Science Art Gets Some Love: Cancer Science Illustration AOI Award
Winner of the AOI Illustration Awards 2013 Research & Knowledge
I’m pleased–and surprised and humbled–Sayo Studio’s artwork created for Dr. Tarek Fahmy’s laboratory and the National Science Foundation won the Research & Knowledge category of the 2013 AOI illustration awards. www.aoiimages.com
From the AOI:
“Visual showcase for recently published research to evoke interest from the non-science public and describe how nanotechnology might help combat cancer.
Judges Comments: From a very diverse and impressive range of work in this category this image impressed us because it combined accurate, compelling and significant scientific data with a strong aesthetic appeal. It is a medical illustration that remains accessible to a popular audience.
The colour palette works well and it has drama. We liked that it had visual and cultural references from other fields such as 1950’s sci fi movies which provide a richness and humour alongside the hard science.”
Of my three pieces shortlisted, (see below) the judges picked the most technical, information-dense piece of the triad. In the winning science art entry, a nanolipogel selectively targets cancer cells and releases cancer fighting drugs (blue). The green enzymes prime and activate our bodies own immune system. This multi-prong approach maximizes chemotherapy efficacy.
Science Art Gets Some Love: AOI Shortlisted (Finalist) Illustrations
Us science artists don’t get no respect… at least that’s what I thought! When I heard that the AOI (Association of Illustrators) added a Research & Knowledge category to their prestigious, international competition, I cheered! It’s vindicating to see my professional niche get some respect from the larger community. I was also stoked to have a chance. I’m excited to share my work recognized on their shortlist (finalists).
The AOI Research & Knowledge Communication category is pretty broad, and described by the AOI below:
Research & Knowledge Communication–Illustration commissioned for the purpose of undertaking research and communicating knowledge. Illustration that is used as a research or investigative tool and that represents, explains or seeks to understand information or data…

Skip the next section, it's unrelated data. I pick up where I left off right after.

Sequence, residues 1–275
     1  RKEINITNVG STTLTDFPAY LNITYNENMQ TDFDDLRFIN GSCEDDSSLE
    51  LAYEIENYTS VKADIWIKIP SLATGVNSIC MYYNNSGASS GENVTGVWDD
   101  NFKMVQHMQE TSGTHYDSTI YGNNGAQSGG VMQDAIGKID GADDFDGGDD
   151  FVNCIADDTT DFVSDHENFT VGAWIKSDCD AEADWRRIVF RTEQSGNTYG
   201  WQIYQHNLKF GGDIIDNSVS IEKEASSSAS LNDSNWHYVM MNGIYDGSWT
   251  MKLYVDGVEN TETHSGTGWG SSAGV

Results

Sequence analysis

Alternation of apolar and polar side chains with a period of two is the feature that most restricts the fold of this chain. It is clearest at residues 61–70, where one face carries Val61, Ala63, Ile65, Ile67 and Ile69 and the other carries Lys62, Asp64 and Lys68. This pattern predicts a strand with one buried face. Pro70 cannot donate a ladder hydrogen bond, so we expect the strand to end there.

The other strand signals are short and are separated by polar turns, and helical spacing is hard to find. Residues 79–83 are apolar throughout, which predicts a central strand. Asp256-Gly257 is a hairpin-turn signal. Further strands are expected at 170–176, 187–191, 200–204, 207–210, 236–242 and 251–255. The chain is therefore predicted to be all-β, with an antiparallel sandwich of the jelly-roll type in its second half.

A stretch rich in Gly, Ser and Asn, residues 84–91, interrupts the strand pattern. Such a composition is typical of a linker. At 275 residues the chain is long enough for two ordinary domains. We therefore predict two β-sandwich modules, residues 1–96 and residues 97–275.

How My Science Art Fits
Different illustrations have different purposes. Some pull you in, others make you feel, and still others impart information. Even within the genre of science illustration, there is a wide range of styles and applications. I jive on creating illustrations that help someone new to the subject imagine what it might be like to really see the things beyond our vision–teeny-tiny cells to exploding universes–while still staying true to the scientists’ research. Unfortunately, that often means my work just doesn’t fit into most of the big-name illustration competitions.
Most of the broader competitions–like Communication Arts or 3×3’s–don’t explicitly exclude science art with categories like “books, editorial, for sale…”. If you take a look at the previous winners from the past few years though, it’s clear that the likelihood of recognition in their comp is slim to none for an artist like me.
Can’t science art compete in the general categories? Sure, some can… especially when it’s more editorial. There are definitely amazing science artists who create art that will register in the larger art community.
But on the whole, my goal to communicate science, and immerse the viewer in this strange world, is just a different beast from most other contemporary illustration. To stay accurate and true to scientists’ work and grab the interest of an ambivalent viewer, I rely on visual clarity and realism. This leads me to style choices diverging from many more mainstream popular illustrators.
Sayo Studio’s Science Illustrations on the AOI shortlist:
The work in the Research category encompasses quite a bit of variety, from beautiful botanical pieces to some innovative videos. The 3 pieces honored include:
- Reaching for the cure, an illustration created for the American Association for Cancer Research’s Annual Meeting branding. The art honors both the researchers and patients working toward a cure.
- Next, feature artwork for Science News magazine on the science of a cough, using an extremely exaggerated perspective. The tracheae shows the cells’ fillies irritated by foreign invaders like viruses and bacteria.
- And finally, an illustration for Dr. Tarek Fahmy at Yale University. Released in a National Science Foundation press release, the infographic explains the lab’s exciting research on nanolipogels. Nanolipogels release drugs to combat cancer and other diseases, in a targeted manner to minimize adverse side effects. This is the winning piece in the professional category :-)!
I’m so excited that my work has been recognized. Moreover, I’m grateful that the AOI has opened up their competition to the international community, and decided it’s time to recognize the art in science illustration.
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